“HELP!!! HELP!!!” gasped a young woman. It was over as fast as it had happened, so it seemed. I was following tracks in the snow where several others had walked on this day. I was charged with photography duties and I took a couple quick shots, dangled the Canon SX10IS around my neck, then proceeded empty handed about ten feet from the crater’s edge. Ashley was twenty steps ahead of me carrying my ice axe on her way to the backpacks. Then as if a trap door were opened below me, I dropped straight down. Right through the ice. Remarkably, my two arms instinctively shot forward and I caught myself on the ice with my forearms before falling any further. I lack any memory of the next two to three seconds. The next thing I remember, my legs were dangling above the abyss below and I kept telling myself to stay calm and not move a muscle. A bearded guide (not from our group) wearing a red parka inched towards me over the now obviously thin ice. Careful not to fall through himself, he reached out and grabbed my arms. Perhaps a combination of his Chilean strength and my status as a featherweight, he was able to pull me out. Dazed, shaken, and stunned, I thanked the heroin and made a bee line for more solid footing.

Potential Icy GraveThe “what if” and “why” questions are haunting. What if I didn’t catch myself? What was below me? Why didn’t my arms break through too? If I survived the fall, how would I get out? No answers here, just conjectures. Our guide suggested the stone exterior of Volcano Villarrica was some feet below me. But he was quick to point out that he was simply guessing. As the photo suggests, it appears to be a black abyss. This experience is eerily reminiscent to a book I read three years ago, Into Thin Air. The author, Jon Krakauer, recounts the story of climbing Mount Everest. One particular passage tells of a Sherpa falling through the ice where several other climbers has walked previously. He fell over 100 feet, but miraculously survived. Regardless, every soul on the summit made a quick exit after recognizing the delicate state of the ice.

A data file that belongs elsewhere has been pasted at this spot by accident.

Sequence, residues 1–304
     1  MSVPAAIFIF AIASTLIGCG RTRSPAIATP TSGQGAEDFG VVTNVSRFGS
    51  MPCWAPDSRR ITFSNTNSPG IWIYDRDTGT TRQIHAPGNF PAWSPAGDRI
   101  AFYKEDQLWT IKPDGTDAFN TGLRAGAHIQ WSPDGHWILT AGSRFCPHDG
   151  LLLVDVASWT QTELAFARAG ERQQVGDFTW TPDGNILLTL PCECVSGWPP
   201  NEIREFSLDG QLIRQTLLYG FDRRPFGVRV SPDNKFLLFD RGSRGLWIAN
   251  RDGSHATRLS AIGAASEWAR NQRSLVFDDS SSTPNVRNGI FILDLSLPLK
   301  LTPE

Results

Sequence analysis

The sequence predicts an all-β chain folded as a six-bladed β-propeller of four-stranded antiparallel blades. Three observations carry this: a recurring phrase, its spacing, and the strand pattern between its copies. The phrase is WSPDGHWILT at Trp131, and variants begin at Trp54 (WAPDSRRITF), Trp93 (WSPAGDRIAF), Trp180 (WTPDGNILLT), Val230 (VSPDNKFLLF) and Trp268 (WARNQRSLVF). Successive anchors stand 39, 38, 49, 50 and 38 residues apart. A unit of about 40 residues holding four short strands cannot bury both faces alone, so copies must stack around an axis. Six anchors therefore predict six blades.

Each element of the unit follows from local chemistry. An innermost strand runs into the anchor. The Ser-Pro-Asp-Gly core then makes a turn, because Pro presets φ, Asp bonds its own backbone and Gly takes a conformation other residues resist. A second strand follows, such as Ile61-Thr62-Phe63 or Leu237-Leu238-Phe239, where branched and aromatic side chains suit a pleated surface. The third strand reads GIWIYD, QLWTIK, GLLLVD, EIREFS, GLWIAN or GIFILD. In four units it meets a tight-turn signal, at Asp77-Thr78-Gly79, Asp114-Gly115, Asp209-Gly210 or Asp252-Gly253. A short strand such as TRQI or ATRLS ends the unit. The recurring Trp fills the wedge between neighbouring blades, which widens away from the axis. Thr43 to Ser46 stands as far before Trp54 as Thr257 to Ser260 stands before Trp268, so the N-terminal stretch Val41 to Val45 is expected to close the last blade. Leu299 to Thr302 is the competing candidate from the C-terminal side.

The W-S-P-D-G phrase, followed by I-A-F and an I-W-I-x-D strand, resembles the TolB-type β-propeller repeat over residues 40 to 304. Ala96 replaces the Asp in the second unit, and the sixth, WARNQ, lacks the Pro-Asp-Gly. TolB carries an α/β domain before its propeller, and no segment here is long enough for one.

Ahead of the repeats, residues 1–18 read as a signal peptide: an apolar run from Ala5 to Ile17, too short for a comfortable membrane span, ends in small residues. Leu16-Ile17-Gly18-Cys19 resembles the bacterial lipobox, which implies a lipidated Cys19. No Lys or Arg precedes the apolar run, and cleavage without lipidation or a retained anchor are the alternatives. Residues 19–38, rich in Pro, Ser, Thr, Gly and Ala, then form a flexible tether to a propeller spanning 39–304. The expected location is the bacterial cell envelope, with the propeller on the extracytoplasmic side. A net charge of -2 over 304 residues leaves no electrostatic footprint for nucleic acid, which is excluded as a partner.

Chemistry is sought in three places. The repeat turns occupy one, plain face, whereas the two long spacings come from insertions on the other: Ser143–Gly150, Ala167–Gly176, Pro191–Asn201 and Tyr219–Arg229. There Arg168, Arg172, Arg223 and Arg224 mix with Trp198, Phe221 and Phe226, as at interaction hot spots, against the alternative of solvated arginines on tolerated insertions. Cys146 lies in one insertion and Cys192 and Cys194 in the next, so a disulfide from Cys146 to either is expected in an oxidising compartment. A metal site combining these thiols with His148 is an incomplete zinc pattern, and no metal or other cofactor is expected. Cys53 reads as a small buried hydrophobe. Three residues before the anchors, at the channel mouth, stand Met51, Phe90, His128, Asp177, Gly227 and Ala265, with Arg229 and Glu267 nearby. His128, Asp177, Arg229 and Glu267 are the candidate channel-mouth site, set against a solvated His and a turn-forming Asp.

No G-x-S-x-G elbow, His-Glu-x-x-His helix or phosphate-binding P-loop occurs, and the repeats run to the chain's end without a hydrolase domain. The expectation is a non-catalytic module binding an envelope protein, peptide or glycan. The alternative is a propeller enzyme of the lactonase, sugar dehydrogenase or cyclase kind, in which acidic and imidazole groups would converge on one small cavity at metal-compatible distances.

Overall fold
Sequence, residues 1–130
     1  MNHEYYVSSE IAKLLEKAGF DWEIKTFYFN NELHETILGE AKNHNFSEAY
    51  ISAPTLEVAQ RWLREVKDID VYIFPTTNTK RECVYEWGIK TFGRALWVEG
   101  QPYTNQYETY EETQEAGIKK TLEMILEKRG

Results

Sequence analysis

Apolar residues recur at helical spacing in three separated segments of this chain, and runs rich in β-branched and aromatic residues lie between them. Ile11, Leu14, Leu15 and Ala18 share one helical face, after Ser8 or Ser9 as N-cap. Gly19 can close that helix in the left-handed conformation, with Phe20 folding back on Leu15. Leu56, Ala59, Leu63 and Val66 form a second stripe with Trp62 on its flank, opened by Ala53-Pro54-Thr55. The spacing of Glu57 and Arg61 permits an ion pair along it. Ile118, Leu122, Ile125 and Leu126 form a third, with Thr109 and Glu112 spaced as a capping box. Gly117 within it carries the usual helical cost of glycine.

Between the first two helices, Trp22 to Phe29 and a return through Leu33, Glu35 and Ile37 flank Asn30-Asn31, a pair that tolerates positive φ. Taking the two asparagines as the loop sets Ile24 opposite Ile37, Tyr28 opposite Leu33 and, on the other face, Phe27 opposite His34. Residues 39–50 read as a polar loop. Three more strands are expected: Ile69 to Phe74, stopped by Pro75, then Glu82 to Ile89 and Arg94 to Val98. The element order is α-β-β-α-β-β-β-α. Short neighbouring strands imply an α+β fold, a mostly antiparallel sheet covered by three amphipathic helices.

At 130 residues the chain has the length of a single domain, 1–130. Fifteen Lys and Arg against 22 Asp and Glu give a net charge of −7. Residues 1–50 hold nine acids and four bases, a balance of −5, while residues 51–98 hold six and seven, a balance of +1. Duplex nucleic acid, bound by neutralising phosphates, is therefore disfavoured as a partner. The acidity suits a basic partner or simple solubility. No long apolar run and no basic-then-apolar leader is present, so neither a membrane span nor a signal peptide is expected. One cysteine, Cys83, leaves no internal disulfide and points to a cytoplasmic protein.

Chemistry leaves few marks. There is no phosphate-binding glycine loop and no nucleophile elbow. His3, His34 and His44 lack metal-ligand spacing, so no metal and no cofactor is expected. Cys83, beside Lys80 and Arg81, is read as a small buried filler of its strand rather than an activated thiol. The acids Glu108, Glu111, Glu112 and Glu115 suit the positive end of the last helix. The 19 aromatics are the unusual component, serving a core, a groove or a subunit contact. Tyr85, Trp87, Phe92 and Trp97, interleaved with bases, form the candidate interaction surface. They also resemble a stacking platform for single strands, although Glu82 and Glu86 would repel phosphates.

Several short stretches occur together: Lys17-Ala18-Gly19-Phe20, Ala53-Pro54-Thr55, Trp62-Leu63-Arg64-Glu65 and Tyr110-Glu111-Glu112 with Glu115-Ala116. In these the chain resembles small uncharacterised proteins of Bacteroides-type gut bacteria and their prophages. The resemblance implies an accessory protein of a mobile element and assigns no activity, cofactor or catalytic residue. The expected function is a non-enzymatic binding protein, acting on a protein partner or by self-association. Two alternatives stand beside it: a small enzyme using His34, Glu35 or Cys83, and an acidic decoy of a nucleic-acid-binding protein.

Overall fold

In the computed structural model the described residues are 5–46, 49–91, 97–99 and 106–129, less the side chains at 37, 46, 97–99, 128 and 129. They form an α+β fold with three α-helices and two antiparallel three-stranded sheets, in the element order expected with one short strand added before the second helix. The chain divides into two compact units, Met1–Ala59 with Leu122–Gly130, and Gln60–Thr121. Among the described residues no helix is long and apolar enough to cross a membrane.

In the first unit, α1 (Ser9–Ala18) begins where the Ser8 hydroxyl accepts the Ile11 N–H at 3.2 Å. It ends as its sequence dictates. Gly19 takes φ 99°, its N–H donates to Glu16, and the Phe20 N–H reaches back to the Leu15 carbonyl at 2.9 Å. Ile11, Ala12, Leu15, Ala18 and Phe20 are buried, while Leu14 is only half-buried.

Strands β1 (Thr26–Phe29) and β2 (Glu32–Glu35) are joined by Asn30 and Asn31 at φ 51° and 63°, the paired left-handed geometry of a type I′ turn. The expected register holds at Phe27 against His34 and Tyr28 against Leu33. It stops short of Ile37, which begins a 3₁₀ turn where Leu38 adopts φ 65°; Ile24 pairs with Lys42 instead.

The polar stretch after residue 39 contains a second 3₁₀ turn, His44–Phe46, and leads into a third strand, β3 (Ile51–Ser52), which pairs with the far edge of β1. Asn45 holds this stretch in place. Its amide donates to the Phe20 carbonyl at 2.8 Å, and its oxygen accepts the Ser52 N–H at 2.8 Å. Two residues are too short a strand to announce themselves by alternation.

SleddingAnxious to get down the already treacherous volcano, we fastened rusksacks to our bums and did some sledding! Like human torpedoes, we cut paths down the slope. It may have taken us four hours to reach the top, but less than forty minutes to get back to ground zero. Ashley was hilarious to watch as she flipped, rolled, and twisted her way down the volcano. It was clear that gravity and friction were in control, not her.

Not wanting to tempt fate any further the following day, we decided a leisurely time in the vibrant mountain town of Pucon would suit us well. Indeed. We caught up on sleep, ate a hearty breakfast, and drank some beers as pedestrians strolled along. Ash and I had fallen in love with Negra, the hostel’s black lab of three years. So we took her on a gorgeous walk to Lake Villarrica where she enjoyed swimming in the chilly water and playing fetch. Only problem was that she liked to break the sticks, so fetch was more challenging than usual. It was the perfect antidote for the all the excitement from the previous day.